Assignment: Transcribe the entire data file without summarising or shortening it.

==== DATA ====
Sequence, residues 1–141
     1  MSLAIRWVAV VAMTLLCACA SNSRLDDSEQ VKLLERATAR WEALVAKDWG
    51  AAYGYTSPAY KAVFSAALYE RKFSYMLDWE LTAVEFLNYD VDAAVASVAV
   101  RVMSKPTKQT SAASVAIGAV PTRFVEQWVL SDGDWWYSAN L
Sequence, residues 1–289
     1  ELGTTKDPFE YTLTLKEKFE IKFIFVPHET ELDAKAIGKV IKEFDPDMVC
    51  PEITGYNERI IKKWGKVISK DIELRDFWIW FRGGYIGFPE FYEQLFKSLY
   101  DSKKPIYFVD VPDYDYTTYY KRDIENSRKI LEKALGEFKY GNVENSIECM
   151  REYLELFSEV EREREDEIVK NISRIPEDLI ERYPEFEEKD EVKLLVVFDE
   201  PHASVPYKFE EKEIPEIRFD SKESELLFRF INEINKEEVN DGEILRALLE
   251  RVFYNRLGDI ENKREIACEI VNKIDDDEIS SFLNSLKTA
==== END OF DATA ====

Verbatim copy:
Sequence, residues 1–141
     1  MSLAIRWVAV VAMTLLCACA SNSRLDDSEQ VKLLERATAR WEALVAKDWG
    51  AAYGYTSPAY KAVFSAALYE RKFSYMLDWE LTAVEFLNYD VDAAVASVAV
   101  RVMSKPTKQT SAASVAIGAV PTRFVEQWVL SDGDWWYSAN L
Sequence, residues 1–289
     1  ELGTTKDPFE YTLTLKEKFE IKFIFVPHET ELDAKAIGKV IKEFDPDMVC
    51  PEITGYNERI IKKWGKVISK DIELRDFWIW FRGGYIGFPE FYEQLFKSLY
   101  DSKKPIYFVD VPDYDYTTYY KRDIENSRKI LEKALGEFKY GNVENSIECM
   151  REYLELFSEV EREREDEIVK NISRIPEDLI ERYPEFEEKD EVKLLVVFDE
   201  PHASVPYKFE EKEIPEIRFD SKESELLFRF INEINKEEVN DGEILRALLE
   251  RVFYNRLGDI ENKREIACEI VNKIDDDEIS SFLNSLKTA